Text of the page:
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Re-excavating Jerusalem

Re-excavating Jerusalem

 

 

 

 

The British Academy’s Schweich lectures are a highly regarded forum on Biblical Archaeology and have been delivered since 1908. In 2016, CBRL member Dr Kay Prag was invited to give the three papers for the Schweich lectures on: Re-excavating Jerusalem: Archival Archaeology. Here Dr Prag gives more details her Schweich lectures and their publication.

“In December 2018 my Schweich lectures were published by Oxford University Press. The timing of the publication coincided with the centenary of CBRL’s founding institute, the British School of Archaeology in Jerusalem; a perfect way to celebrate this anniversary.

One of the prime movers in the foundation of the British School of Archaeology in Jerusalem in 1919 was Sir Frederic Kenyon. His daughter, Dame Kathleen Kenyon, was instrumental in refounding a base for the School in Jerusalem in the 1950s and 60s. In 2002 the School was renamed the Kenyon Institute in honour of their contribution.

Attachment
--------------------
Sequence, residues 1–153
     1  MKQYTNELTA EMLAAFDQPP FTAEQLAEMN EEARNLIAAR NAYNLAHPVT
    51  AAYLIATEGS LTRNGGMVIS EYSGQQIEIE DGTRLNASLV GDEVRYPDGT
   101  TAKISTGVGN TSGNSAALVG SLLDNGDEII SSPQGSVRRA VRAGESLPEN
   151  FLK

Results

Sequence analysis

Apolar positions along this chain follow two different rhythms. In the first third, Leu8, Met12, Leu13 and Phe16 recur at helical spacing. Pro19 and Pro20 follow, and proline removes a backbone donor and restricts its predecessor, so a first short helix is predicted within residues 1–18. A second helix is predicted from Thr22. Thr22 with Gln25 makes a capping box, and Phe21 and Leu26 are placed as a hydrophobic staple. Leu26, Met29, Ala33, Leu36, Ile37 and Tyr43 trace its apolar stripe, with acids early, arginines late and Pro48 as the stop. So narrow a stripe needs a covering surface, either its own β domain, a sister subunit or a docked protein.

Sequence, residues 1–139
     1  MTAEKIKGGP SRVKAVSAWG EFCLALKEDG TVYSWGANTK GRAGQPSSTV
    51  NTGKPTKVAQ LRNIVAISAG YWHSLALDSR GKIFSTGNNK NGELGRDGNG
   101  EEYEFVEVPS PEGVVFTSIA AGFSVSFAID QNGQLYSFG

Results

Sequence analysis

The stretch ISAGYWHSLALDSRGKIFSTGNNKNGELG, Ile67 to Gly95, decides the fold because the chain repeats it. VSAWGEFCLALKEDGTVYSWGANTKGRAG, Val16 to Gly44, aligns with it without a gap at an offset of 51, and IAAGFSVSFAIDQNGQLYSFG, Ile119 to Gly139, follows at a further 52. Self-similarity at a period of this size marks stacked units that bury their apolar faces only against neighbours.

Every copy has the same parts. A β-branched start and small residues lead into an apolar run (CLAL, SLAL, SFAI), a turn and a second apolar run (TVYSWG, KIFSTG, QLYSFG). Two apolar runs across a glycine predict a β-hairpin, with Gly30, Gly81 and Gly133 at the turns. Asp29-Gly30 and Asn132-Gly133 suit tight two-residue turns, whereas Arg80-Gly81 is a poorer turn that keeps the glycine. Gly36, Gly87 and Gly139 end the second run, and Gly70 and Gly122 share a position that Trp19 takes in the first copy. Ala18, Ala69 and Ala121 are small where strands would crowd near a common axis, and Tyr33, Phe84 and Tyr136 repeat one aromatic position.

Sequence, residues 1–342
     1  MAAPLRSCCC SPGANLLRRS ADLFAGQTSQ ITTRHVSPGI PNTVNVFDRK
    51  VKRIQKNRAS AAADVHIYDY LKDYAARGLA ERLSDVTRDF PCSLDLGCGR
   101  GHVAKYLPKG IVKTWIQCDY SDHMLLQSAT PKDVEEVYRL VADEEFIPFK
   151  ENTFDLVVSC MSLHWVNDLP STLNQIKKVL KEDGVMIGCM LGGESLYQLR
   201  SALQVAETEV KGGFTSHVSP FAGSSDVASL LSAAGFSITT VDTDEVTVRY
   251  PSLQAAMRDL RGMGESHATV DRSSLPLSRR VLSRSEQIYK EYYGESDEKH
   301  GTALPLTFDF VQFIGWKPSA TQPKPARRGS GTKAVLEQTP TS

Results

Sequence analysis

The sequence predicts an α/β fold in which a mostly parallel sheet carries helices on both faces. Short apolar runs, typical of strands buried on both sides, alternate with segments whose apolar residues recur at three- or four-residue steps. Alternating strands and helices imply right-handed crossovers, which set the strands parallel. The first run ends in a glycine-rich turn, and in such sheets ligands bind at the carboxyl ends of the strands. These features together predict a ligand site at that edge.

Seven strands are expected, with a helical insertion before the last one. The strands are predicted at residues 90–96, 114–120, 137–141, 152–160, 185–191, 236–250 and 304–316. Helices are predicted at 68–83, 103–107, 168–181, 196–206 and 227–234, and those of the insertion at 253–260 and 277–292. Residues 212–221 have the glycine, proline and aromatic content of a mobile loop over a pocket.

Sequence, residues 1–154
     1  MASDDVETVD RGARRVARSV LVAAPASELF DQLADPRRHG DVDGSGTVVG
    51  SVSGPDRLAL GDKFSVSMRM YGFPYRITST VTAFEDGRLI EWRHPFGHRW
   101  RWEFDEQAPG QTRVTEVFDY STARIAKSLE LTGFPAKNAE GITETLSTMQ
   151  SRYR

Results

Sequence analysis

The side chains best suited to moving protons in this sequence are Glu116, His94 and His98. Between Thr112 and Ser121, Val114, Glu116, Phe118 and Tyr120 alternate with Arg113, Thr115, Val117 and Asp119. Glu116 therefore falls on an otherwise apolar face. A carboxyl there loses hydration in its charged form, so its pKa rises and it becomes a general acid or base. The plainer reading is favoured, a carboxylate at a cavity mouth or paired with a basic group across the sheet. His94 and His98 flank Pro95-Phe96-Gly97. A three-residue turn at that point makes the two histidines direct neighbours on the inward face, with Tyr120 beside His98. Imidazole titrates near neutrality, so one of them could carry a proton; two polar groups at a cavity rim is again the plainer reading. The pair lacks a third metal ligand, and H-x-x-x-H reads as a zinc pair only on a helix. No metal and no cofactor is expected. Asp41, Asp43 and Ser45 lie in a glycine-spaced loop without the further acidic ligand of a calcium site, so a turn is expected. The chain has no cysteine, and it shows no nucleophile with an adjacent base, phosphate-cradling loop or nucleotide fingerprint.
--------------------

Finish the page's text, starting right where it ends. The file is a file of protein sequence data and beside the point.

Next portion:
Kathleen Kenyon’s excavations in Jerusalem provided me, as so many others at both Jericho and Jerusalem, with the opportunity to experience, not just the archaeology of the region, but also to experience the country and its people. To have worked under her leadership was an immense privilege. Kenyon’s Jerusalem excavations provided evidence of nearly every period of the city’s long history, all recorded in the archive that is now housed in the Manchester Museum. What makes the importance and excitement of such archives, which preserve not just the record, is that they also provide the opportunity to review conclusions in the light of new discoveries and new processes. The multi-authored ‘final’ reports on this major work now occupy six volumes and the work is on-going.

The invitation from the British Academy to deliver the Schweich Lectures in 2016 provided me with a personal opportunity to reflect on several aspects of the results described by Kenyon, and how they relate to the vast amount of excavation that has been done in Jerusalem since 1968. The notebooks and nearly 3,000 fine photographs contain unpublished details relating to all periods, including the biblical periods, to the town ascribed to the time of Solomon, to the Post-Exilic period, and to the Roman destruction in AD 70. In some respects, the remains of most recent times were the best preserved and the Islamic finds are equally rewarding.

I am grateful to the British Academy for the invitation to deliver the lectures and for facilitating the publication. Dedicating the book to Kathleen Kenyon’s memory and to mark the centenary of the CBRL acknowledges the debt so many, like me, owe to both Kathleen Kenyon and to the CBRL.”

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